Living on earth can take a toll on us.
Pandemics. Natural disasters. Poverty. The exhaustion of politics, corruption and social causes. This life can be painful. And some days it can feel like the pain will never end.
As a person living with chronic illness, the pain is literally never-ending.
Don’t get me wrong. Some days the pain is not too bad. Some days I wake up and have a burst of energy. On those days, I catch a glimpse of what it is like to be normal. And I know I have a life brimming with blessings. For these gifts, I never cease to be thankful.
Other days, however, are just horrible from start to finish.
On those days, when the pain is as relentless as a summer heatwave, and the fatigue surrounds me like a thick fog, and I have tried everything to make me feel better without result, and my resilience quota is used up for the month, and I feel like no one understands – on those days, I remind myself of what is true.
What is true is I am a stranger on earth. And this life will not last forever.
I am a stranger on earth.
I long for something beyond this current life. I long for wholeness. My body and soul yearn to be restored. There is something in me that craves more than what this life has to offer.
Earth is not our final destination. Heaven awaits us. In that eternal home, God promises to wipe away our tears and dispel our pain for good. God also promises to give us new bodies – perhaps not new as though from a catalogue, but new as in restored, refreshed, made young again.
This is good news. In a world focused on seizing the day and living for now, it is comforting and even countercultural to live for eternity rather than simply for today.
It is comforting and even countercultural to live for eternity rather than for today.
Even so, it raises a pertinent question. What do we do in the meantime? How do we get through the remaining years on earth, years potentially filled with hardship and suffering and loss? How do we survive?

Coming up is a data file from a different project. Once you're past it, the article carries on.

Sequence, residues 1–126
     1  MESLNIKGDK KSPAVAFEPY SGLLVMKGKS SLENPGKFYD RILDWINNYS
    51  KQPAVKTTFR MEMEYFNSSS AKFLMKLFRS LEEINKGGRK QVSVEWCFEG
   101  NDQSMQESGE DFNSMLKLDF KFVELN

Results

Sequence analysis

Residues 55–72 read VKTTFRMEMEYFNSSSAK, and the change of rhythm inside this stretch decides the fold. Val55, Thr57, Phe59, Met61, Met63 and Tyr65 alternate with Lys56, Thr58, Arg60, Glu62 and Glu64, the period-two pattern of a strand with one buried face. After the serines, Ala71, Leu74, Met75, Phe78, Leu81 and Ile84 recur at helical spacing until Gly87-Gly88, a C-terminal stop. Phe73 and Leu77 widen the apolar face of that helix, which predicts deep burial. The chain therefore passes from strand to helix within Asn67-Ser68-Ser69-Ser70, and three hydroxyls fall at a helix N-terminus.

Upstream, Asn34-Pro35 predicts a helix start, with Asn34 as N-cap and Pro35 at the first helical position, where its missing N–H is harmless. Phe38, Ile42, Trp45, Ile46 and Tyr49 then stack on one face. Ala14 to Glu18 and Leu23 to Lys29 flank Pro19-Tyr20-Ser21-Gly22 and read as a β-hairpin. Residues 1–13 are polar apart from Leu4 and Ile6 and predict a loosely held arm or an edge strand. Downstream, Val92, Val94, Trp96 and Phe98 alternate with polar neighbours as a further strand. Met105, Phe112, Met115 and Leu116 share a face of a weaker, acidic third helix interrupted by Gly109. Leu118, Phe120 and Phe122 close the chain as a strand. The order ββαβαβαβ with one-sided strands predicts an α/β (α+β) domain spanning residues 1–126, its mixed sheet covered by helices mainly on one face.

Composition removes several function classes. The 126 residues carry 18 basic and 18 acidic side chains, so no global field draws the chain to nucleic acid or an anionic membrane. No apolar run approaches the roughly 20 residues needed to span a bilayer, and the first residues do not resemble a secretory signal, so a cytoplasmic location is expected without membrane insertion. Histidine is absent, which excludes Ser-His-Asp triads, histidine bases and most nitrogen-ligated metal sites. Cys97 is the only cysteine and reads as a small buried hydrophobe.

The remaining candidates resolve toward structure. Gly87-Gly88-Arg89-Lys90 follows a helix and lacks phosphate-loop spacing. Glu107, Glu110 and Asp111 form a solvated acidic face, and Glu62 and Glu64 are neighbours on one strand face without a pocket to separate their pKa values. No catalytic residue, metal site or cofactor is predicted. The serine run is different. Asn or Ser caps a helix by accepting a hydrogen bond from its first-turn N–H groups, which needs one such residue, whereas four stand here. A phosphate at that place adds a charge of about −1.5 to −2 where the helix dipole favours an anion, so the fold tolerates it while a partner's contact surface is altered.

We use it.
We use suffering as a reminder we are strangers on this planet, heading toward our eternal home. We use it to fuel our longing for God and his Kingdom above all else. We use it to draw near to God for the comfort and grace we so desperately need.
And we use it to infuse our earthly work with passion and fervour.
Our suffering can infuse our earthly work with passion and fervour.
If you are a writer like me, you can use suffering to search for more beautiful and articulate and stirring ways to convey the good news of Jesus to the world. If you are artistic, you can use your art to explore tensions of beauty and pain, joy and loss, elation and despair.
And if you live with very real pain, you can channel that pain into reaching out to others. You can offer the comfort you have needed yourself.
During our darkest days and longest nights, let’s remind ourselves of God’s promises to us. He promises to be near to the broken (Psalm 51:17). He promises the poor in spirit will find more of God (Matthew 5:3). He promises he will transform our mourning into joy (Luke 6:21).
God promises to be near to the broken.
God does not promise to save us from earthly harm; indeed, those who follow God often experience more suffering, not less. But he does promise to be close to us when we need him most.
Yes, we are strangers on earth. But God is no stranger to us. And he awaits our heavenly arrival with longing – the same longing we feel to have every tear wiped away, to be restored to full health, and to be joined with him forever.
What are you looking forward to most about heaven? Have you experienced God’s closeness to you in times of suffering? Share your story. Let’s have a countercultural conversation.